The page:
It's always been a bit of a burr under my saddle -- and also of other military parents -- that military-sponsored support activities for families of soldiers is focused almost without exception on soldiers' spouses, so I agreed to participate in a Bloggers' Roundtable discussion earlier today to see what the Army was doing for the other half of the Army, i.e., the almost 50% of soldiers who are single. It's a favorite saying of mine: Not every soldier has a spouse, but every soldier has a mother. One of the reasons I named my blog: when I complained to a Sgt. in my son's unit that the deployment (sendoff) ceremony (which I discovered in a newspaper article just days before) hadn't been communicated very effectively, he said something along the lines that the effort wasn't warranted because I was JUST "some soldier's mom" and my attendance wasn't core to the mission. (I believe I responded with some humor I didn't really feel -- knowing he would make my son's life hell otherwise, "Gosh, does your mother know she's that unimportant?) but I digress... (And let's keep in mind here that the next Vice President of the United States could very well be some other soldier's mom!) Don't get me wrong -- I do so love the milspouses (being the wife a retired career mil-guy) -- but resent how parents are (for the most part) completely ignored by the services (otherwise, how do you explain the proliferation of all the private parent (read: Mom) forums here here here here here here here here. And, of course, right here where you're reading.

I listened while Secretary of the Army Pete Geren and the Director of Family Programs for the Family Morale, Welfare and Recreation (MWR) Command and the spouses of a Major General, a Command Sgt Major, a First Sgt. and of an Army Deputy Chief of Staff); each gave a brief personal biography of their experiences with AFAP -- principally with Family Readiness Groups (FRGs).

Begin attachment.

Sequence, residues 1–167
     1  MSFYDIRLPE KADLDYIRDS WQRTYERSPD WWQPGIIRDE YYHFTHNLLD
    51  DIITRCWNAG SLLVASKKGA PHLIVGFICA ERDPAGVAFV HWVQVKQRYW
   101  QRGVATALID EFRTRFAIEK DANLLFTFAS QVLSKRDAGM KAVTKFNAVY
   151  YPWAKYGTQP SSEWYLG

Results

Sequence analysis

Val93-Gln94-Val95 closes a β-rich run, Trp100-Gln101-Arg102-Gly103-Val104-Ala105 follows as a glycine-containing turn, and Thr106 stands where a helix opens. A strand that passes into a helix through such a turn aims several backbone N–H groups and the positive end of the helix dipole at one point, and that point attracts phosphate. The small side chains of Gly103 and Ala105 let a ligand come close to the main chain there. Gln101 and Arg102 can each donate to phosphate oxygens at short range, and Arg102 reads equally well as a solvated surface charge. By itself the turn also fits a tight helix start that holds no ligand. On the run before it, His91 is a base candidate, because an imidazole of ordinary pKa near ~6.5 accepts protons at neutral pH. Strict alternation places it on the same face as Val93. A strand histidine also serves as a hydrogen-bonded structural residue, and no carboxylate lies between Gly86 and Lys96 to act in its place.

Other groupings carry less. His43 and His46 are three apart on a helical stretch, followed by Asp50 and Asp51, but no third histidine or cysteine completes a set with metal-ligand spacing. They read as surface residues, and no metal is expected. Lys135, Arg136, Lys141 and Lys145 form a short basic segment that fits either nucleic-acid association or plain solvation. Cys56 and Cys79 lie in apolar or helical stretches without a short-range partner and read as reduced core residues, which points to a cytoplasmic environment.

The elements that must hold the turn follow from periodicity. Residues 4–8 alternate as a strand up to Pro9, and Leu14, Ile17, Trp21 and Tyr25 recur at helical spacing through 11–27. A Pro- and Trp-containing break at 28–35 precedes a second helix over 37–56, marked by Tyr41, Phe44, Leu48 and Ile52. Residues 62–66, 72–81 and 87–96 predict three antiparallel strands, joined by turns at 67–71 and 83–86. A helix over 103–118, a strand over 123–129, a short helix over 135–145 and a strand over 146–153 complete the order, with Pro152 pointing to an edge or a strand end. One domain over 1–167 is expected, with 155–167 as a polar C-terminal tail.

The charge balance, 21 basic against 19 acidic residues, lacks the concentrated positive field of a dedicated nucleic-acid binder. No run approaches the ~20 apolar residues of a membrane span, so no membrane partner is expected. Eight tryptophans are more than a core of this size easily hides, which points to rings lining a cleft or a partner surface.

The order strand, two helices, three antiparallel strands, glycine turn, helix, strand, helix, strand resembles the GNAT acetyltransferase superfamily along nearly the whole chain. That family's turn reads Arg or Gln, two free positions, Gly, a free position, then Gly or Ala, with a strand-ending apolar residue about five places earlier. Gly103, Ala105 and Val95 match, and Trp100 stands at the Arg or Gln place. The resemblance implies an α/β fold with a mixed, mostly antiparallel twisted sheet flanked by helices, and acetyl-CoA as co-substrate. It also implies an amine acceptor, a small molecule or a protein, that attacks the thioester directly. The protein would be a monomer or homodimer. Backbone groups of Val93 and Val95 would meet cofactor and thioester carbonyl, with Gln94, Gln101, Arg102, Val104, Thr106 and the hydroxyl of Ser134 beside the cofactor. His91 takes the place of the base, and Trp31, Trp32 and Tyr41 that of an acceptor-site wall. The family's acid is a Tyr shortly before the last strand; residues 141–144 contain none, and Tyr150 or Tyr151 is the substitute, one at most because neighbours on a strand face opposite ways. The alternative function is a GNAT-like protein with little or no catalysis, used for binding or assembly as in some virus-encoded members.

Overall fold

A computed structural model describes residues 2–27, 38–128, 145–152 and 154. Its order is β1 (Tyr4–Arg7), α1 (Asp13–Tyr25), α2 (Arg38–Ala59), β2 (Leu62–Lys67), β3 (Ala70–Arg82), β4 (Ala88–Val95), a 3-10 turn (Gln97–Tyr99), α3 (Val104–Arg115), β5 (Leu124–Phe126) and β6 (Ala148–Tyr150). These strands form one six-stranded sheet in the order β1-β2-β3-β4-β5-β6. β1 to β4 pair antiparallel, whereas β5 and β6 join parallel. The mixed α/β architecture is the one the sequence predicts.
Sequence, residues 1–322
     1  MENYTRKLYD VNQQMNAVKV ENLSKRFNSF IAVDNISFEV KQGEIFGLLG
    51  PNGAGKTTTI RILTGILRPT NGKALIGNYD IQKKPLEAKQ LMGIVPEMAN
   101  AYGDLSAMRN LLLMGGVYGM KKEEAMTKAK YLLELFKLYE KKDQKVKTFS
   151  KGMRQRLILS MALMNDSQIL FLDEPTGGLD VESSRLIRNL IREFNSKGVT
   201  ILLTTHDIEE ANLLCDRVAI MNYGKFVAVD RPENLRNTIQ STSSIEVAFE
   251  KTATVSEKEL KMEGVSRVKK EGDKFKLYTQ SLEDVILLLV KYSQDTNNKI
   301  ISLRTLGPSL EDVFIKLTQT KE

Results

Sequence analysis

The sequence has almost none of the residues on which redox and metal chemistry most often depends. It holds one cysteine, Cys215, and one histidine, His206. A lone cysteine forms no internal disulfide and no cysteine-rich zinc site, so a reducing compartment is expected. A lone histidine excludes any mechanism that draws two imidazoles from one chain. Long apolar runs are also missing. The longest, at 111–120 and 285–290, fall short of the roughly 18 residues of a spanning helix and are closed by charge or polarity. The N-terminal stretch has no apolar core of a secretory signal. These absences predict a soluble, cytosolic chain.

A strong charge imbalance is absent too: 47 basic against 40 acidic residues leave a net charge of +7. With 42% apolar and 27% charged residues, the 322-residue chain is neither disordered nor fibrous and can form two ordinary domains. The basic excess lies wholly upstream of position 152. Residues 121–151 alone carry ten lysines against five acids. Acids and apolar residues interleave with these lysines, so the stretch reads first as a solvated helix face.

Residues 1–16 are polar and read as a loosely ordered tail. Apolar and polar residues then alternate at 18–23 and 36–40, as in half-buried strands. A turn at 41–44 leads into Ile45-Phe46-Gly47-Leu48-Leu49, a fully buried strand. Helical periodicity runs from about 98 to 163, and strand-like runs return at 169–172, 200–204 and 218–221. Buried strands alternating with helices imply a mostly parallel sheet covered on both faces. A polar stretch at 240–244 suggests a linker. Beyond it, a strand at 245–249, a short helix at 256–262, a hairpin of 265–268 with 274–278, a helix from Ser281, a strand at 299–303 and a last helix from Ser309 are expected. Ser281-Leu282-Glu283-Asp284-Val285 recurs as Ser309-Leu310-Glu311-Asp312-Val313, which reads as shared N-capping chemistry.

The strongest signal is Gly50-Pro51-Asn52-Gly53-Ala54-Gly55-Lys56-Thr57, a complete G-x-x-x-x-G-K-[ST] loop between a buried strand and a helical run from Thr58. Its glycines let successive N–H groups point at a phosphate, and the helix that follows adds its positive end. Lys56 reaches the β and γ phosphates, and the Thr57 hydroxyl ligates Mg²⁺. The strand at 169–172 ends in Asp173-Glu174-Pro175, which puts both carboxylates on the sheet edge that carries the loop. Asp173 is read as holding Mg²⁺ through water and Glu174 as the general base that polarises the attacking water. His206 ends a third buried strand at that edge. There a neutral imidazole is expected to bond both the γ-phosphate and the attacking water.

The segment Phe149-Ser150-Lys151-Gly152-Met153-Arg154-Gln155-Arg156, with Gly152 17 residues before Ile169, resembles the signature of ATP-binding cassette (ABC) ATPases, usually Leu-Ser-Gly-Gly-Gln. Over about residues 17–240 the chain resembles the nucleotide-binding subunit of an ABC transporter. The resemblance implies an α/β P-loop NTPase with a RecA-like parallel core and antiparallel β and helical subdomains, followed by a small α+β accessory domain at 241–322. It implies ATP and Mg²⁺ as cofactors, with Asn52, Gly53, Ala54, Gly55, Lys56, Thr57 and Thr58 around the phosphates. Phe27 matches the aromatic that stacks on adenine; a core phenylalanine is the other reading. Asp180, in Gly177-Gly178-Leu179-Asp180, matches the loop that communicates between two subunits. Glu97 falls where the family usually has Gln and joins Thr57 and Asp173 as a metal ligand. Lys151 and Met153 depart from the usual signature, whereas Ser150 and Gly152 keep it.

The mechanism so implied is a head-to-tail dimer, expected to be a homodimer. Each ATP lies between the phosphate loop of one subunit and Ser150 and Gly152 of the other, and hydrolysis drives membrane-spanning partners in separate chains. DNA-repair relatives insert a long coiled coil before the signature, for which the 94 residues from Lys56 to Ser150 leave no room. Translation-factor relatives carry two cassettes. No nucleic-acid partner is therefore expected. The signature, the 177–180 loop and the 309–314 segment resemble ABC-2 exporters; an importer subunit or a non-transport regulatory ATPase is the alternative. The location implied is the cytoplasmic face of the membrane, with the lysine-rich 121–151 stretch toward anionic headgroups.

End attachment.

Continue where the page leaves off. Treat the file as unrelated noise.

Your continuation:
My experience and exposure as an Army mom? Noah did put in my name for his unit's FRG when he deployed in 2005, but I had to make repeated attempts to receive any type of confirmation that they knew I was here. Over the course of the 12 months his unit was deployed, I believe I had exactly 3 emails from the FRG: "Welcome to the FRG", "Here's a Change of Address" when the units re-aligned mid-tour, and "Here is the link to track homecoming flights". After I saw references to a number of FRG meetings for Noah's FRG on a private forum, I emailed the FRG Leader and asked if she could forward after action notes to the spouses and parents who did not live close to the base and couldn't attend those meetings. She responded a few WEEKS later that it was an excellent suggestion and she would. Never happened.

And while I was happy to hear that these spouses in the roundtable had wonderfully positive experiences with their FRGs, I can't say that the opinion is shared by other members on any of the message boards and forums to which I subscribe or read. I know that there must be decent and engaging FRGs out there -- and, because they are principally the ONLY source of official information for spouses when their spouses are deployed they enjoy a high level of participation at military installations.

Now in defense of FRGs: FRGs are principally staffed and managed entirely by VOLUNTEERS whose spouses are now deployed -- suddenly single parents with jobs, children and households to manage. I think this may improve since one of the most recent improvements involve paid FRG assistants.
Additionally, the Army has a FRG "portal" called the vFRG (virtual FRG) that allows soldiers and family members to register for a unit's FRG (note: you will need the last four of the soldier/sponsor's social security number to register.) GO HERE for info and to register. (Army Families Online might also be useful.)

The first question at today's roundtable was regarding serving the needs of those with Traumatic Brain Injury (TBI) and Post Traumatic Stress Disorder (PTSD) who lived remotely from military installations. Mrs. Pillsbury noted that they are making efforts to reach out to those and noted the formation of Still Serving Soldiers which is dedicated to assisting soldiers with disabilities 30% or greater (I was unclear whether this was the VA rating or the Army rating and didn't have a chance to ask for clarification... but did want to ask whether they knew that less than 10% of soldiers received a disability rating that high from the Army?)

In response to whether the military is prepared for the number of wounded still to come, Sec. Geren noted that the Army and the Veterans Administration have made great strides in this area (I concur that they have made progress) but, he said, it is clear that serving the population of those with TBI and/or PTSD will mean reliance on grass roots organizations. He noted the advent of the Army's Chain Teaching program, Military One Source, the new medical care & records tracking system, Army's Wounded Warrior (AW2) Program, Army Community-Based Health Care Initiative, and Warrior Transition Units.